Force the duplicate file created in each local-directory to be a complete copy of the file in the processing-directory instead of a reference (a hard link) to the file. Using references saves disk space and is faster than making a complete copy; however, any modification-in-place to one file affects all files. rwsender always makes a complete copy when it is unable to make a reference. This switch is ignored when the --local-directory switch is not provided.


Configure rwsender to transfer files matching the regular expression REGEXP to the rwreceiver whose identifier is IDENT, or to copy files to the local directory labeled as IDENT. This switch may be repeated. When this switch is not provided, all rwreceivers and local directories get all files. When this switch is provided, any files not matching a REGEXP are left in the incoming directory and are not transferred.

The regular expression must be a POSIX 1003.2 modern or extended regular expressions, roughly akin to those used by egrep(1). Documentation might be found in the regex(7) or re_format(7) manual pages on your system.

The filter is only applied to files in the incoming-directory. Once a file has been moved into an rwreceiver-specific subdirectory of the processing-directory, restarting rwsender with a different set of --filter switches does not affect the files previously queued for each rwreceiver. To apply the filters to unsent files, you must stop the rwsender process, move all files from the subdirectories of the processing-directory to the incoming-directory, and restart the rwsender process.


Set the priority of files that match REGEXP to NUM. NUM must be an integer between 0 and 100 inclusive. In the current version of rwsender, priorities 0 through 50 get grouped into a single low priority bin, and priorities 51 through 100 get grouped into a single high priority bin. Files in the high priority bin are generally be sent before files in the low priority bin. The default priority of a file is 50. This switch may be repeated for multiple priorities.


Configure rwsender to check the incoming directory for new files every NUM seconds. The default polling interval is 15 seconds.


For each file going to an rwreceiver, make NUM attempts to open the file, map its contents, and send the contents to that rwreceiver. After NUM attempts, the file is ignored by rwsender but the file remains in the rwreceiver-specific subdirectory of the processing directory. Unless the file is manually removed from the processing directory, rwsender again attempts to send the file when rwsender is restarted. The limit may be set to a value from 1 to 65535. When NUM is 0, there is no limit. The default number of attempts is 5.


Specify the chunk size in bytes that rwsender uses when sending files to rwreceivers. The default number of bytes is 8192; the valid range is 256 to 65535.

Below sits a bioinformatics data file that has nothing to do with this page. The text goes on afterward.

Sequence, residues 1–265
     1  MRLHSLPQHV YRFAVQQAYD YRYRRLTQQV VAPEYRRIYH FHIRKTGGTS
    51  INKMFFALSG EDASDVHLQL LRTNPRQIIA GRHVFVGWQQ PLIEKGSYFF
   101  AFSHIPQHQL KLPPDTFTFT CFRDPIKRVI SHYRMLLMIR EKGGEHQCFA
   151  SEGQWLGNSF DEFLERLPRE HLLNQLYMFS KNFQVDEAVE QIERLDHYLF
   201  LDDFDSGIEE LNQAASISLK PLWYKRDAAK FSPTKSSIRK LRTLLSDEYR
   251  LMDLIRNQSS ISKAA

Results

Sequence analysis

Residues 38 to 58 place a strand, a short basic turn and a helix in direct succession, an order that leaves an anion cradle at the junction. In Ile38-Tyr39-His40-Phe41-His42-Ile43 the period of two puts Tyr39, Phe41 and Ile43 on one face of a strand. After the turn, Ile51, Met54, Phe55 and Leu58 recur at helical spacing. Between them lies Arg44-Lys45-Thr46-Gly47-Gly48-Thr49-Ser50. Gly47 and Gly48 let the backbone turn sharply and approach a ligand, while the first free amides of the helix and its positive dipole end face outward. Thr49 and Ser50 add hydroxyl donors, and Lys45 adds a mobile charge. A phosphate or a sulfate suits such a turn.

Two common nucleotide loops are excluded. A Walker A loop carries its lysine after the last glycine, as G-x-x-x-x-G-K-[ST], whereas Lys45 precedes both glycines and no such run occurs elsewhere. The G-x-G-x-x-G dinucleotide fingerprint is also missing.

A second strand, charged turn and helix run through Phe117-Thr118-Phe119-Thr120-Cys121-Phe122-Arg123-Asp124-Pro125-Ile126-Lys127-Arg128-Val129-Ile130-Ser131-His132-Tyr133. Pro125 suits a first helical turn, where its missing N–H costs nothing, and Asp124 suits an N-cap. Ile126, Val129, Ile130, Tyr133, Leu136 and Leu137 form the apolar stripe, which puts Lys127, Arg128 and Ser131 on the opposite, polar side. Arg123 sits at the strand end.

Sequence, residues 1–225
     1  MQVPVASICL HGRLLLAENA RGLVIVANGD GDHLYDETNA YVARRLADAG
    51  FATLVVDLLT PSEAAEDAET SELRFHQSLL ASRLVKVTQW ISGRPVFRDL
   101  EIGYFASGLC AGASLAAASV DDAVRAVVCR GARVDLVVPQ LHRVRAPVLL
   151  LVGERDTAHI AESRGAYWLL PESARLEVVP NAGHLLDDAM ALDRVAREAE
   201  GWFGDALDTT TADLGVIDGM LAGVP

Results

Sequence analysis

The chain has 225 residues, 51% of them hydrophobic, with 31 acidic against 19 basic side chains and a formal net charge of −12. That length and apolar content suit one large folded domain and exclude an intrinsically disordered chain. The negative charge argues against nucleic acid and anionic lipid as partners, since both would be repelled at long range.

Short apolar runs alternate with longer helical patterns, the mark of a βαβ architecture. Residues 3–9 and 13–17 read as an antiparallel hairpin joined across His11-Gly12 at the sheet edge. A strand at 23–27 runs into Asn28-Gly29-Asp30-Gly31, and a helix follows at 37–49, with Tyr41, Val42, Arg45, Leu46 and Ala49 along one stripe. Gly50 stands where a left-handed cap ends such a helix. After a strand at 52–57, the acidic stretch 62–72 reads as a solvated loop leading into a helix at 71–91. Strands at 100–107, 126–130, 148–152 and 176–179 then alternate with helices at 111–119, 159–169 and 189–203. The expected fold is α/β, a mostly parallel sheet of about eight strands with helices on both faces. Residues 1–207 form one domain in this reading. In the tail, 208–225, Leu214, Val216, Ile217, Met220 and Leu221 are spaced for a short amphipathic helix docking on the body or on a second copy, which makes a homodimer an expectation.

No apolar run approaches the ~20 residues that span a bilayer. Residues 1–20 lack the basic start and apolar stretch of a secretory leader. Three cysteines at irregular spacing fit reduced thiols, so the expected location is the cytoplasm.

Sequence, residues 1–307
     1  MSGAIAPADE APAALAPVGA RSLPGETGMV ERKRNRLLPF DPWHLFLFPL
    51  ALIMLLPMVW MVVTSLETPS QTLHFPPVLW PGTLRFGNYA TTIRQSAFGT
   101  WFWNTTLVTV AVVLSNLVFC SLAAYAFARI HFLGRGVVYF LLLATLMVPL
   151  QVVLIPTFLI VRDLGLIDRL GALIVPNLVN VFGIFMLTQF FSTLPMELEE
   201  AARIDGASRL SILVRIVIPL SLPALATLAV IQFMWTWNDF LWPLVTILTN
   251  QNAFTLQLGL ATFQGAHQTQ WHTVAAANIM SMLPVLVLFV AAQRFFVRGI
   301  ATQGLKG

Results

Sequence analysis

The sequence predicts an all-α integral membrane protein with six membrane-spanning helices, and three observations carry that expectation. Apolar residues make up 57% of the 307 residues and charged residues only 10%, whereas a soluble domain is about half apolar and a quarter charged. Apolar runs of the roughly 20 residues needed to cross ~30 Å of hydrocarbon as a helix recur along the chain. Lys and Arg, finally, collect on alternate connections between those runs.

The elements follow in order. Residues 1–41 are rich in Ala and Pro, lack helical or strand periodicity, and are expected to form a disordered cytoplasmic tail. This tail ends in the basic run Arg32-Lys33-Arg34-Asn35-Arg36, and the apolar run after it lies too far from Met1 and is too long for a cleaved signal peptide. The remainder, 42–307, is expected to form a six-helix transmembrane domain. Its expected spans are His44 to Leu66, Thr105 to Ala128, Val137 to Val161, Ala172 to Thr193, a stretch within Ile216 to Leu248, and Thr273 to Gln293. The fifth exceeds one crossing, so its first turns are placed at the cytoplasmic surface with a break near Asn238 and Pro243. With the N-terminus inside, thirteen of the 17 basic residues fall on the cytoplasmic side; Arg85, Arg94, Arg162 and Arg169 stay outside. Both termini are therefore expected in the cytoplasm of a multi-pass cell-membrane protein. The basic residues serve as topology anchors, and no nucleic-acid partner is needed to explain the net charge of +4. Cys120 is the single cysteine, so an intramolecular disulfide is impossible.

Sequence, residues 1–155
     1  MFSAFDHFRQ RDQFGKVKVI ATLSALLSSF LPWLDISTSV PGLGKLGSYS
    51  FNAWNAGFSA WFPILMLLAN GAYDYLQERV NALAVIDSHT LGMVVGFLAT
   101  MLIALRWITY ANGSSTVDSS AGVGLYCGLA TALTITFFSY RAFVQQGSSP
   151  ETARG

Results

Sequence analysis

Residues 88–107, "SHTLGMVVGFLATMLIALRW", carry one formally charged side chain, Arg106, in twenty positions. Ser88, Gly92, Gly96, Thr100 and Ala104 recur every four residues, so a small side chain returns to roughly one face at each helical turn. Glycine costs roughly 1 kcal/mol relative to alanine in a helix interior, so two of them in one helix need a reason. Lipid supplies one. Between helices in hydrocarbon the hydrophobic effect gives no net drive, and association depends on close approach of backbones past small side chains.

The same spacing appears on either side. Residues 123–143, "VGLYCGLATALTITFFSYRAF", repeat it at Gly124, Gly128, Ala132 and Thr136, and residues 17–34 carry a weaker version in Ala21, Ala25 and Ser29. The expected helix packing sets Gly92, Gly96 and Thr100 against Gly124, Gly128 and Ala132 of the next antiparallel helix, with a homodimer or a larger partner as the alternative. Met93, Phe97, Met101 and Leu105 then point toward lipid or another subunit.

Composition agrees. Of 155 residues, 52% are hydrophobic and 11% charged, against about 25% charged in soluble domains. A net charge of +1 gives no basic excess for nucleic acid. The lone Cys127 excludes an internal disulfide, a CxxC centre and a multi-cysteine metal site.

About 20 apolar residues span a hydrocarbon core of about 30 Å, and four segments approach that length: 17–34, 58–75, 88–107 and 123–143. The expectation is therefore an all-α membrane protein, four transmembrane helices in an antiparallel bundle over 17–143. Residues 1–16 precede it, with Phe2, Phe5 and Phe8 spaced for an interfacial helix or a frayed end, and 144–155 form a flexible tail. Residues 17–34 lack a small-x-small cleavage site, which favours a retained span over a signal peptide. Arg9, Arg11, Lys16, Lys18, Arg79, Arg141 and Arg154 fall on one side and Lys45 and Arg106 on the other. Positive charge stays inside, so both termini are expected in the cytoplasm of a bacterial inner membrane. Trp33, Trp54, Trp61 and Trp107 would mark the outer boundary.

Optional logging and daemon switches

The following are optional switches related to logging and running as a daemon:


Set the severity of messages that are logged. The levels from most severe to least are: emerg, alert, crit, err, warning, notice, info, debug. The default is info.


Set the facility that syslog(3) uses for logging messages. This switch takes a number as an argument. The default is a value that corresponds to LOG_USER on the system where rwsender is running. This switch produces an error unless --log-destination=syslog is specified.


Use LOG_BASENAME in place of the application name in the name of log files in the log directory. See the description of the --log-directory switch. This switch does not affect the name of the process-ID file.


Run COMMAND on the previous day's log file after log rotation. When this switch is not specified, the previous day's log file is compressed with gzip(1). When the switch is specified and COMMAND is the empty string, no action is taken on the log file. Each occurrence of the string %s in COMMAND is replaced with the full path to the log file, and each occurrence of %% is replaced with %. If any other character follows %, rwsender exits with an error. Specifying this switch without also using --log-directory is an error.


Set the complete path to the file in which rwsender writes its process ID (PID) when it is running as a daemon. No PID file is written when --no-daemon is given. When this switch is not present, no PID file is written unless the --log-directory switch is specified, in which case the PID is written to LOGPATH/


Do not change directory to the root directory. When rwsender becomes a daemon process, it changes its current directory to the root directory so as to avoid potentially running on a mounted file system. Specifying --no-chdir prevents this behavior, which may be useful during debugging. The application does not change its directory when --no-daemon is given.


Force rwsender to run in the foreground---it does not become a daemon process. This may be useful during debugging.

Help switches

The following switches provide help:


Print the available options and exit.


Print the version number and information about how SiLK was configured, then exit the application.



Specifies the password to use to decrypt the PKCS#12 file specified in the --tls-pkcs12 switch. When this is not provided, a NULL password is used. Set this environment variable to the empty string for an empty password.


rwreceiver(8), silk(7), gnutls-cli(1), certtool(1), syslog(3), egrep(1), gzip(1), regex(7), re_format(7), SiLK Installation Handbook


An attempt should be made to use a unique name for each file put into the incoming directory. When a file is added to the incoming directory that has the same name as a file in the processing directory, the file added to the incoming directory replaces the existing file in the processing directory.